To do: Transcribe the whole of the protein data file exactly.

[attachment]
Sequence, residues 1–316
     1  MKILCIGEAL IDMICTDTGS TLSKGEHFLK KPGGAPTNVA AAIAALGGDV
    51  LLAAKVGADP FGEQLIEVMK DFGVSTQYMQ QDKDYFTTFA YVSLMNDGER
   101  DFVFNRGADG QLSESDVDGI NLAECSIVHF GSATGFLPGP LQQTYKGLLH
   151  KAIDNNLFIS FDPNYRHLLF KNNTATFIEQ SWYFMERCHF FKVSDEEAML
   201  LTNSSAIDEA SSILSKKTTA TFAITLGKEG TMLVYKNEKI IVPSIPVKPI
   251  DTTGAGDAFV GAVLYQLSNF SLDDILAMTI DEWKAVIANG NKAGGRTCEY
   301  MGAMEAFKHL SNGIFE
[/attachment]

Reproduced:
Sequence, residues 1–316
     1  MKILCIGEAL IDMICTDTGS TLSKGEHFLK KPGGAPTNVA AAIAALGGDV
    51  LLAAKVGADP FGEQLIEVMK DFGVSTQYMQ QDKDYFTTFA YVSLMNDGER
   101  DFVFNRGADG QLSESDVDGI NLAECSIVHF GSATGFLPGP LQQTYKGLLH
   151  KAIDNNLFIS FDPNYRHLLF KNNTATFIEQ SWYFMERCHF FKVSDEEAML
   201  LTNSSAIDEA SSILSKKTTA TFAITLGKEG TMLVYKNEKI IVPSIPVKPI
   251  DTTGAGDAFV GAVLYQLSNF SLDDILAMTI DEWKAVIANG NKAGGRTCEY
   301  MGAMEAFKHL SNGIFE